How many power series of the form $1+\sum_{k=1}^{\infty} a_{k}x^{k}$ with $a_{k}\in \{1,0,1 \}$, that have a double zero $f(x)=f'(x)=0$ in $(0,1)$, are there. Ok, there are many ways to understand the question: set theoretical, topological, measure theoretical. I would be especially interested in the Bernoulli measures of the coefficient space $C\subseteq \{1,0,1\}^{\mathbb{N}}$ of such series.

At least the settheoretical question can be answered: the are the cardinality of the continuum many such series, as can be deduced from the results in this paper (not all of them attributed by the authors to themselves): MR2293600 (2007k:30003) Reviewed Shmerkin, Pablo(FINJVSMS); Solomyak, Boris(1WA) Zeros of {−1,0,1} power series and connectedness loci for selfaffine sets. (English summary) Experiment. Math. 15 (2006), no. 4, 499–511. 


Some more examples with polynomials: $$\matrix{\left( {z}^{6}+{z}^{5}{z}^{3}+z+1 \right) \left( z+{z}^{4}1 \right) ^{2}\cr \left( {z}^{8}+{z}^{7}{z}^{5}{z}^{4}{z}^{3}+z+1 \right) \left( z+ {z}^{6}1 \right) ^{2}\cr \left( {z}^{9}+{z}^{8}{z}^{6}{z}^{5}{z}^{4}{z}^{3}+z+1 \right) \left( z+{z}^{7}1 \right) ^{2}\cr \left( {z}^{4}{z}^{3}+{z}^{2}z+1 \right) \left( {z}^{2}+{z}^{5}1 \right) ^{2}\cr \left( {z}^{6}{z}^{5}+{z}^{4}{z}^{3}+{z}^{2}z+1 \right) \left( {z }^{2}+{z}^{7}1 \right) ^{2}\cr \left( {z}^{6}{z}^{5}+{z}^{3}z+1 \right) \left( {z}^{3}+{z}^{4}1 \right) ^{2}\cr \left( {z}^{7}{z}^{5}+{z}^{4}+{z}^{3}{z}^{2}+1 \right) \left( {z}^ {3}+{z}^{5}1 \right) ^{2}\cr \left( {z}^{10}+{z}^{8}{z}^{7}+{z}^{6}+{z}^{5}2\;{z}^{4}+{z}^{3}z +1 \right) \left( {z}^{3}+{z}^{7}1 \right) ^{2}\cr \left( {z}^{4}{z}^{3}+{z}^{2}z+1 \right) \left( {z}^{4}+{z}^{5}1 \right) ^{2}\cr \left( {z}^{4}{z}^{2}+1 \right) \left( {z}^{4}+{z}^{6}1 \right) ^{ 2}\cr \left( {z}^{6}{z}^{5}+{z}^{4}{z}^{3}+{z}^{2}z+1 \right) \left( {z }^{4}+{z}^{7}1 \right) ^{2}\cr \left( {z}^{8}{z}^{7}+{z}^{5}{z}^{4}+{z}^{3}z+1 \right) \left( {z }^{5}+{z}^{6}1 \right) ^{2}\cr \left( {z}^{6}{z}^{5}+{z}^{4}{z}^{3}+{z}^{2}z+1 \right) \left( {z }^{6}+{z}^{7}1 \right) ^{2}\cr \left( {z}^{14}{z}^{13}2\;{z}^{12}{z}^{11}+{z}^{9}+2\;{z}^{8}2\;{z}^{5}+2\;{z}^{2}+z+1 \right) \left( {z}^{5}{z}^{3}+{z}^{2}+z1 \right) ^{2}\cr \left( {z}^{5}+{z}^{4}{z}^{3}{z}^{2}+z+1 \right) \left( {z}^{5}+{z }^{3}{z}^{2}+z1 \right) ^{2}\cr \left( {z}^{15}+{z}^{14}{z}^{11}{z}^{10}+{z}^{9}+{z}^{8}+{z}^{7}+{z }^{6}{z}^{5}{z}^{4}+z+1 \right) \left( {z}^{5}{z}^{4}+{z}^{3}+z1 \right) ^{2}\cr }$$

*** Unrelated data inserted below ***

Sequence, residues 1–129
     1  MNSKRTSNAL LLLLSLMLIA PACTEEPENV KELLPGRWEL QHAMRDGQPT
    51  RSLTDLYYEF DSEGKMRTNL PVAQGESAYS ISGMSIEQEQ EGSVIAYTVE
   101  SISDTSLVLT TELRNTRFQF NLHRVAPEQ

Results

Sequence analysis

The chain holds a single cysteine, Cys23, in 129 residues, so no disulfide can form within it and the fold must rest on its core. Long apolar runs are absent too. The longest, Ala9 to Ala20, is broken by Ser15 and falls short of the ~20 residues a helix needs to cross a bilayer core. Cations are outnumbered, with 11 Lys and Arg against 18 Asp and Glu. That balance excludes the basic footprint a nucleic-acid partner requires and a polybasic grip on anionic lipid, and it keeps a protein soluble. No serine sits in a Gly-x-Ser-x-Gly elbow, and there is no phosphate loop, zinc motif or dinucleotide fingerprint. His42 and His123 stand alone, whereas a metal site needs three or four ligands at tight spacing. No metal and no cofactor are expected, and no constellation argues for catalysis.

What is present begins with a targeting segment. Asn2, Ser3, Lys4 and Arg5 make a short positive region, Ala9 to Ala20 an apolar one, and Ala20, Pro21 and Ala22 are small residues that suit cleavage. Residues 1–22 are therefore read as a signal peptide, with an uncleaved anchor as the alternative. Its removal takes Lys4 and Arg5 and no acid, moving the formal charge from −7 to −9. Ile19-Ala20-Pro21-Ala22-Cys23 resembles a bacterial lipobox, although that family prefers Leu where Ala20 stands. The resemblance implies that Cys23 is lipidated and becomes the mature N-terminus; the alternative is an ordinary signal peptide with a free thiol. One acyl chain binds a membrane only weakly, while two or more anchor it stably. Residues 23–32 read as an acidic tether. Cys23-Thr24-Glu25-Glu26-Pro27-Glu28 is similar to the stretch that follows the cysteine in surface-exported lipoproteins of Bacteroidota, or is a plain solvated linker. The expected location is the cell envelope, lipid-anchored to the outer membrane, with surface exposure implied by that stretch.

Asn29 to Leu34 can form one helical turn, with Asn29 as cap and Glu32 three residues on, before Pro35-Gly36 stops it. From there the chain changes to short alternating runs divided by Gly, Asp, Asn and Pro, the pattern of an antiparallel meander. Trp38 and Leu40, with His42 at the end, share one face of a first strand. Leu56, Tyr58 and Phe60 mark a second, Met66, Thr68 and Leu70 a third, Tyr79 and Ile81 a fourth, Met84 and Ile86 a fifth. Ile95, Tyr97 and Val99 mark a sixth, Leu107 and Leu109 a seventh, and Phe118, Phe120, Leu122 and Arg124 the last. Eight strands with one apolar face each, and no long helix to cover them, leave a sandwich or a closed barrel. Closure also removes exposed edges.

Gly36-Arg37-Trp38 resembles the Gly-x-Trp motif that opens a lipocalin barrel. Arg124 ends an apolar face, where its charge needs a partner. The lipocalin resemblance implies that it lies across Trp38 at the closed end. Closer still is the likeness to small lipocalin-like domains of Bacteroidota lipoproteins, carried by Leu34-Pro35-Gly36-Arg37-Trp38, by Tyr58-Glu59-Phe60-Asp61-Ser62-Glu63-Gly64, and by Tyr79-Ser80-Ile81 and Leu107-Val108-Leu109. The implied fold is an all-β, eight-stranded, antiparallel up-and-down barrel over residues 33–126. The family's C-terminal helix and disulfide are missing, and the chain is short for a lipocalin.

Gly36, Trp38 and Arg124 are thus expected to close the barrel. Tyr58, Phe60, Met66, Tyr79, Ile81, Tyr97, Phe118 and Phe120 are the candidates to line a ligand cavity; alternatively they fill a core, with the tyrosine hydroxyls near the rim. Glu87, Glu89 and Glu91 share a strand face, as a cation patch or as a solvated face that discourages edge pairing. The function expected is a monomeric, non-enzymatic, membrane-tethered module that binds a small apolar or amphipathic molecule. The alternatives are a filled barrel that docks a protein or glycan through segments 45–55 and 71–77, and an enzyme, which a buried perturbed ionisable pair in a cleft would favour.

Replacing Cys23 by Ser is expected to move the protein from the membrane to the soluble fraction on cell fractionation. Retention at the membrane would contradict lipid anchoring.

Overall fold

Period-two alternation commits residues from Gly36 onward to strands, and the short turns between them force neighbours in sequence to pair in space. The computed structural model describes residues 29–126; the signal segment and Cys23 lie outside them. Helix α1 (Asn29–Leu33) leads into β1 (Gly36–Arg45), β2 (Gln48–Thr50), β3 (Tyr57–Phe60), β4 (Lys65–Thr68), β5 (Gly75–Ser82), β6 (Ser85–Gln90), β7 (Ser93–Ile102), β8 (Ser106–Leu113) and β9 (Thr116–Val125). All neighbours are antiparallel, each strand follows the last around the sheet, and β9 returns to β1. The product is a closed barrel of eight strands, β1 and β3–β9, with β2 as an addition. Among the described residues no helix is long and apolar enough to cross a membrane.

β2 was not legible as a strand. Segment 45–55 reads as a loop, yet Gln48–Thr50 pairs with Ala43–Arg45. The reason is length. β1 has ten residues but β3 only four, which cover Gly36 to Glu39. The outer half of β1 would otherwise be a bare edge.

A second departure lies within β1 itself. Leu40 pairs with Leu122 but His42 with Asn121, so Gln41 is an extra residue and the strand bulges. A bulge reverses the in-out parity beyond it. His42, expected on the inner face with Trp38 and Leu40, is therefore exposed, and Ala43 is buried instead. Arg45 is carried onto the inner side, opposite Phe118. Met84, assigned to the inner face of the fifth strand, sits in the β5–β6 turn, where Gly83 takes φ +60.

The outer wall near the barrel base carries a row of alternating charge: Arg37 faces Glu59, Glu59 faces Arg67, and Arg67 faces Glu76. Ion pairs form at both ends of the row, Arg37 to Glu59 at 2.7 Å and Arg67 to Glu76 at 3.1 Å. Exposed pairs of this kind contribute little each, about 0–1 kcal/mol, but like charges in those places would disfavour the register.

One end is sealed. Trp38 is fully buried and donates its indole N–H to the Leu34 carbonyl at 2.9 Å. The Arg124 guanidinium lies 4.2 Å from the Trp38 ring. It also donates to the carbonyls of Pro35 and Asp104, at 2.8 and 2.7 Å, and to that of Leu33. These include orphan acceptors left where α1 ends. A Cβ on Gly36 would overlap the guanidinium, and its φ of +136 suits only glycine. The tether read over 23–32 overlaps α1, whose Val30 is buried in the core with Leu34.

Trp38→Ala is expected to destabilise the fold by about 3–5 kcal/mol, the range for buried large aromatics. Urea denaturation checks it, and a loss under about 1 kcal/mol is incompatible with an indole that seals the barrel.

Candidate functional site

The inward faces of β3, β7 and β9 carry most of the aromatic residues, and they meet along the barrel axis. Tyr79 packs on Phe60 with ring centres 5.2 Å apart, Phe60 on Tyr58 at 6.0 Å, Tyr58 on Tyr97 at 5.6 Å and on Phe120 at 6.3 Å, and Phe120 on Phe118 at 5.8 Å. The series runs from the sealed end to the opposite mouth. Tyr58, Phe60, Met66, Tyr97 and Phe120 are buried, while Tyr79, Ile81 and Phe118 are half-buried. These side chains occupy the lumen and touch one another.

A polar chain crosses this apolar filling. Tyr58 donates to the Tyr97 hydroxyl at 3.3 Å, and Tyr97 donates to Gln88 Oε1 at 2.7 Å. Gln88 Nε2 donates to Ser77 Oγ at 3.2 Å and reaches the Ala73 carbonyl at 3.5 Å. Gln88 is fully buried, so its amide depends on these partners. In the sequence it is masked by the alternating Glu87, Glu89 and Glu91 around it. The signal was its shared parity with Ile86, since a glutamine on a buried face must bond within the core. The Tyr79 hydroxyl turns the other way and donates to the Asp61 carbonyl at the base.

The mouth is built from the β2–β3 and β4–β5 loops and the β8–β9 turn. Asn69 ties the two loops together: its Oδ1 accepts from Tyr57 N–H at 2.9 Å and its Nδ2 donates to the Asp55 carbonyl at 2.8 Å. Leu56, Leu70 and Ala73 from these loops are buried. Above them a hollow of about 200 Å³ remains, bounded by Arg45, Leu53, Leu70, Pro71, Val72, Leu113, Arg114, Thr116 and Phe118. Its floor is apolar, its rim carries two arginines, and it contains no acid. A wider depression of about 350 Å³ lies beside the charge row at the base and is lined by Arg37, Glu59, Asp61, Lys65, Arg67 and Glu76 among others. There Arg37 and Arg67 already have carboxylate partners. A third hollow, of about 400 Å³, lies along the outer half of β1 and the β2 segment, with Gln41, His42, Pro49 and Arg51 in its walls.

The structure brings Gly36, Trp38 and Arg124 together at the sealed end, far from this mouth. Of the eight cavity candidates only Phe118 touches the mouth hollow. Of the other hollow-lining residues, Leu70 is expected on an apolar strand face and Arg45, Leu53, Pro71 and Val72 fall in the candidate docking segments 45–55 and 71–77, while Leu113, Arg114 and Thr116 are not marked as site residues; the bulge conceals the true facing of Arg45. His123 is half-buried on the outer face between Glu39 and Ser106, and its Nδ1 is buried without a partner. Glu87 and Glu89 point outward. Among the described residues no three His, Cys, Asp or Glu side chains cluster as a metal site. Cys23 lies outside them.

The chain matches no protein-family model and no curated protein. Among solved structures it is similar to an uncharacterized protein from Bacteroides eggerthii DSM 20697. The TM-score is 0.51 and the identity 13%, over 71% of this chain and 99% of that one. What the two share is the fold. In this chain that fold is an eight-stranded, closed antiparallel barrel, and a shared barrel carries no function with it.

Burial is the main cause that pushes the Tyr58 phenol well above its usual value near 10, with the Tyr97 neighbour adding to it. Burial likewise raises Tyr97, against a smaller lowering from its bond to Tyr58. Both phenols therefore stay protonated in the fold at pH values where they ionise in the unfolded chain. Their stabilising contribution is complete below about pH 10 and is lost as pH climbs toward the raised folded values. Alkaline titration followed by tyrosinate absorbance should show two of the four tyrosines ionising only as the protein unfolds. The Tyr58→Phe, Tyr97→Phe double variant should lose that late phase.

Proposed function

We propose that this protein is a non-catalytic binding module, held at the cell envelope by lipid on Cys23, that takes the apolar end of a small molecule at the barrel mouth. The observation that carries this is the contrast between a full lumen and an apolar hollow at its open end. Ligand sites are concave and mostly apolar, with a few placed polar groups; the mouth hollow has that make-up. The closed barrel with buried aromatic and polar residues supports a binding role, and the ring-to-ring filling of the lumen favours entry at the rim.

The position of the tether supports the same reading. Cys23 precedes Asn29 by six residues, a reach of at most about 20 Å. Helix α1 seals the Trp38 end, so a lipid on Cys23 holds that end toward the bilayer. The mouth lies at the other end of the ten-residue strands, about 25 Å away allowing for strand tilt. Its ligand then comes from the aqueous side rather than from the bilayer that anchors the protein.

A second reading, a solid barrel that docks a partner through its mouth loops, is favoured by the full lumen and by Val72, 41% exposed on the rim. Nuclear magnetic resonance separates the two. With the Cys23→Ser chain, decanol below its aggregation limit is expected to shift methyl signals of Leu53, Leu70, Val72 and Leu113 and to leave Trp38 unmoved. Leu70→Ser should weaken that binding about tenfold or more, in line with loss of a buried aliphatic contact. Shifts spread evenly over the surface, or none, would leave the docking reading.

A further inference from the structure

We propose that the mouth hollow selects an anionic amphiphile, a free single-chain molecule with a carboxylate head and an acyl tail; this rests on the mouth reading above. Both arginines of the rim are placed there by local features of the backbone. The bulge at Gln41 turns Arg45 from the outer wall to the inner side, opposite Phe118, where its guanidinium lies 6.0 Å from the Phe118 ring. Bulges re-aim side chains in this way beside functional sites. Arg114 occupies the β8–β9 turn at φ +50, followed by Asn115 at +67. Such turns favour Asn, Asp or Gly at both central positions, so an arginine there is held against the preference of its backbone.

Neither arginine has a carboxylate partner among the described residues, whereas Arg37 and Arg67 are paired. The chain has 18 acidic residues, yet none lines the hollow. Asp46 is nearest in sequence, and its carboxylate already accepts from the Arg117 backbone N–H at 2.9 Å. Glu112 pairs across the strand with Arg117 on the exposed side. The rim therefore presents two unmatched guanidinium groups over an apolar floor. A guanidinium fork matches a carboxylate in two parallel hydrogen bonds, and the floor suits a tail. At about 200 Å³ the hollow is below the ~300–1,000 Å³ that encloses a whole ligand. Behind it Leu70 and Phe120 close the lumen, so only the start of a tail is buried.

I am going to address the question for $\mathrm{Bernoulli}(1/2)$ measures, using probabilistic language. This is not a complete answer, but I am trying to relate your question to the properties of the distribution of $f(x)$. Clearly, for $x<1/2$ we never even reach zero, but my guess is that for $x>1/2$ this distribution is absolutely continuous, though I am unable to prove this at the moment. So formally, at least, $$\displaystyle \mathsf{E} \, \sum_{f(x)=0} \mathsf{1}\{f^\prime(x) < \epsilon\} = \intop_0^1 \mathsf{E} \, \delta(f(x)) \mathsf{1}\{f(x)<\epsilon\} f^\prime(x) dx \le \epsilon \intop_0^1 \mathsf{E} \, \delta(f(x)) dx.$$ $\mathsf{E} \, \delta$ is the density at zero, and it can be made perfect sense of, provided that the law of $f(x)$ has continuous density at zero. I don't know whether it has continuous density, but if we manage to prove that $f(x)$ has at least bounded density for $x>1/2$, then we can write inequalities with approximations of $\delta$ to get the same results...